Angelo Muredda

TIFF 2023 | Achilles (Farhad Delaram, Iran/Germany/France) — Discovery

By Angelo Muredda  “I want to do something but I can’t,” ex-filmmaker Farid (Mirsaeed Molavian) tells his estranged wife early in Achilles, Farhad Delaram’s road-movie fable about breaking through political repression and administrative corruption in present-day Iran. Delaram’s directorial debut takes its title from Farid’s self-styled nickname. Like his mythological namesake, the aloof orthotist who…
Read More

TIFF 2023 | Backspot (D.W. Waterson, Canada) — Discovery

By Angelo Muredda “You need to be a brick shithouse,” steely cheerleading coach Eileen (Evan Rachel Wood) scolds her neurotic new charge Riley (Devery Jacobs) in D.W. Waterson’s Backspot, an overstuffed but energetic youth sports drama that has just enough texture to stand out. Whether Riley takes that advice or finds another way to live…
Read More

TIFF 2023 | God Is a Woman (Andrés Peyrot, France / Switzerland / Panama) — TIFF Docs

French filmmaker and ethnographer Pierre-Dominique Gaisseau’s unfinished portrait of the Kuna people becomes the scene of a postcolonial autopsy in Andrés Peyrot’s absorbing documentary God Is a Woman. Peyrot’s film follows the contemporary interventions of Kuna elders and intellectuals such as poet and professor Arysteides Turpana and filmmaker Orgun Wagua, who seek to restore, contextualize, and screen Gaisseau’s footage to the community whose images were distorted and plundered for Western consumption in the original, unreleased documentary.  
Read More

TIFF 2023 | I Don’t Know Who You Are (M.H. Murray, Canada) — Discovery

By Angelo Muredda  A sexual assault sends a young Toronto musician into a frantic two-day scramble to pay for HIV-prevention meds in M.H. Murray’s compelling feature debut, I Don’t Know Who You Are. What starts as a gentle account of Benjamin (Mark Clennon, also the story editor) ambling through a budding romance with new love…
Read More

TIFF 2023 | In the Rearview (Maciek Hamela, Poland/France/Ukraine) — TIFF Docs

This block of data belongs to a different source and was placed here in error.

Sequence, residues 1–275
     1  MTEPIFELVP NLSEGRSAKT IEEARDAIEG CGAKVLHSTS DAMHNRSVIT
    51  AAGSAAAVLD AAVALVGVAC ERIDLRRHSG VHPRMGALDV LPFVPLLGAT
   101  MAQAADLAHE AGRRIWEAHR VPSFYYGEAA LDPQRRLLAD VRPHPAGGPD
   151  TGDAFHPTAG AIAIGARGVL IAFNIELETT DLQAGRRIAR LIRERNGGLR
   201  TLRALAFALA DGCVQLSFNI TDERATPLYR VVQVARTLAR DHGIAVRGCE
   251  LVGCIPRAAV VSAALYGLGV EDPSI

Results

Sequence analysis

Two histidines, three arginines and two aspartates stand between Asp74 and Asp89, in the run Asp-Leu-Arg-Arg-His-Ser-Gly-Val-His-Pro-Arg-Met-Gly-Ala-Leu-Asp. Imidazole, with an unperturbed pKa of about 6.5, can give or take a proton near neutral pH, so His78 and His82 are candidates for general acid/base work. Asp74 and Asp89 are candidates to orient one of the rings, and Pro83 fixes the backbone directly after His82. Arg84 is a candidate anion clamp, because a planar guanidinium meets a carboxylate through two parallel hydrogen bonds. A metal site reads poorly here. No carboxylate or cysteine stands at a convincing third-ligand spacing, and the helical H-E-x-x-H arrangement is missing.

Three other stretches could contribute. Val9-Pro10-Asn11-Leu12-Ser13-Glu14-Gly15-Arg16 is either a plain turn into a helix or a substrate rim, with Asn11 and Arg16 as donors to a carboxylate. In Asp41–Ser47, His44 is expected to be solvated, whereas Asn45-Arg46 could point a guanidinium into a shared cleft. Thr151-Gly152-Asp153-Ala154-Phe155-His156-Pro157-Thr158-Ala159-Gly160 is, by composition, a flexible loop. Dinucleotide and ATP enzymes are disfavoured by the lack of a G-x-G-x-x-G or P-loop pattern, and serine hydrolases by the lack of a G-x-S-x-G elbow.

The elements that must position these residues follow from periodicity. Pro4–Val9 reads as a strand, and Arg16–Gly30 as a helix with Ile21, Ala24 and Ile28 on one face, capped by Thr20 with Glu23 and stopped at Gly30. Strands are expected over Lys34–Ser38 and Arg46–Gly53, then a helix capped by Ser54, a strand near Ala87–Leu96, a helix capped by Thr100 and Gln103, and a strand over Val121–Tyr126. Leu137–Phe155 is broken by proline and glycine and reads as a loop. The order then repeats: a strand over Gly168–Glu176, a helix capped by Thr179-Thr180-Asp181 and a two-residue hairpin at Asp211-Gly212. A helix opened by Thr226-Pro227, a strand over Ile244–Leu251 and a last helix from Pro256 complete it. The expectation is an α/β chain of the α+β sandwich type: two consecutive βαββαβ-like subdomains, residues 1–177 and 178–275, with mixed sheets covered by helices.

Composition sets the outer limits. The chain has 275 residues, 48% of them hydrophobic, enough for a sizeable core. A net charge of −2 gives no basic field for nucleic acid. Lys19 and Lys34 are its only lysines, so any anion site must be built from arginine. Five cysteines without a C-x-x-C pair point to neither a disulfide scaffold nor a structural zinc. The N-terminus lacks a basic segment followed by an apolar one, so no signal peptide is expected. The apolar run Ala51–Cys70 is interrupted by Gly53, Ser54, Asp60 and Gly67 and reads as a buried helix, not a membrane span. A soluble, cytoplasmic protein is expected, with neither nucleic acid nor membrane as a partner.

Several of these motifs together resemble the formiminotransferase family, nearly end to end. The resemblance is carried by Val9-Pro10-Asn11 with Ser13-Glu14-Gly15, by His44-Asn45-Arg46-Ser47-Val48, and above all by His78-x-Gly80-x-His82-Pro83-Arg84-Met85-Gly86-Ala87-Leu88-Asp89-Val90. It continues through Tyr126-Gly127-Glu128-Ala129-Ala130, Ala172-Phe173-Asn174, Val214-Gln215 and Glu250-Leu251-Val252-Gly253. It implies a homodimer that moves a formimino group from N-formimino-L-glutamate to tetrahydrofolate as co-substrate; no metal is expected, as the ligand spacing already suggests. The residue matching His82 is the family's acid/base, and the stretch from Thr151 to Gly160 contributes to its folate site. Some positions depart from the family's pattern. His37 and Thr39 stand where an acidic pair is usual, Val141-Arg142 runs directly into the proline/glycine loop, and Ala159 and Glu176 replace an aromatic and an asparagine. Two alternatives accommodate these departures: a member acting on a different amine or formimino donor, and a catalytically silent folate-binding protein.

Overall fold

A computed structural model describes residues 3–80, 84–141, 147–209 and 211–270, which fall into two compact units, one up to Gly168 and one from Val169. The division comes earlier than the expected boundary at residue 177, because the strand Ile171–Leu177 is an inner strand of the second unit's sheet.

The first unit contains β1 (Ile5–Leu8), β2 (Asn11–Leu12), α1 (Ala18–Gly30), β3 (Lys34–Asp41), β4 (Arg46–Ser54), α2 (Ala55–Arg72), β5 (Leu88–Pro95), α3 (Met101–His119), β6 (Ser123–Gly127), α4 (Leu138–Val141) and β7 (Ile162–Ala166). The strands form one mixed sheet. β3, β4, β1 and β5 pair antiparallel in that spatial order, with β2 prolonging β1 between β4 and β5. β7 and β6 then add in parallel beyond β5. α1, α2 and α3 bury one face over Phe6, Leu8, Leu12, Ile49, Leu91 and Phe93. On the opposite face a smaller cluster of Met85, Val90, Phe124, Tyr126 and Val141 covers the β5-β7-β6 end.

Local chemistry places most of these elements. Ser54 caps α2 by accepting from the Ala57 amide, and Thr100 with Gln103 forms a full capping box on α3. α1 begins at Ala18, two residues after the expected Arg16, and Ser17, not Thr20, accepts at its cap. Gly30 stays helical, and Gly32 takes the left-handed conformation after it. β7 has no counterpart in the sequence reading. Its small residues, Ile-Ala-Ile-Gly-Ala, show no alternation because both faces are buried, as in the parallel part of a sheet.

Polish documentarian Maciek Hamela captures the devastation as well as the complicated hope of life in transit in In the Rearview, a record of his efforts to transport hundreds of Ukrainian refugees into Poland following the Russian invasion in early 2022.
Read More

TIFF 2023 | Memory (Michel Franco, US/Mexico) — Special Presentations

By Angelo Muredda Volpi Cup winner Peter Sarsgaard comes down with a serious case of movie dementia, the romantic kind that makes you look more rakish in a blazer and scarf the sicker you get, in Michel Franco’s Memory. Though ostensibly a kinder Franco than the one who made After Lucia and New Order, the…
Read More

TIFF 2023 | Mimang (Kim Taeyang, South Korea) — Discovery

By Angelo Muredda The more Seoul changes, the more it stays the same in Kim Taeyang’s understated and striking debut Mimang, which tracks the shifting fortunes and life milestones of a young illustrator and a film lecturer over a series of walks and drives through the city. Bantering and flirting, they muse about romantic and…
Read More

The Adults (Dustin Guy Defa, US)

Though The Adults is at times diminished more than it’s enriched by its echoes of other texts about wayward children skulking back to their childhood home, as well as family narratives about faded talents with arrested development (including the same-named series wherein a teenaged Cera reads as precocious as he is dissipated here), the film has enough of Defa’s own peculiar, spiky tenderness to set it apart.
Read More

Enys Men (Mark Jenkin, UK)

By Angelo Muredda A woman’s observation that lichen has started to grow on a flower she’s been studying for weeks counts as bold narrative progress in Mark Jenkin’s decidedly low-stakes folk-horror curio, Enys Men. Shot in the same striking, hand-processed 16mm stock and set in the same seaside milieu as the director’s lauded feature debut…
Read More

TIFF 2022 | Charcoal (Carolina Markowicz, Brazil/Argentina) — Platform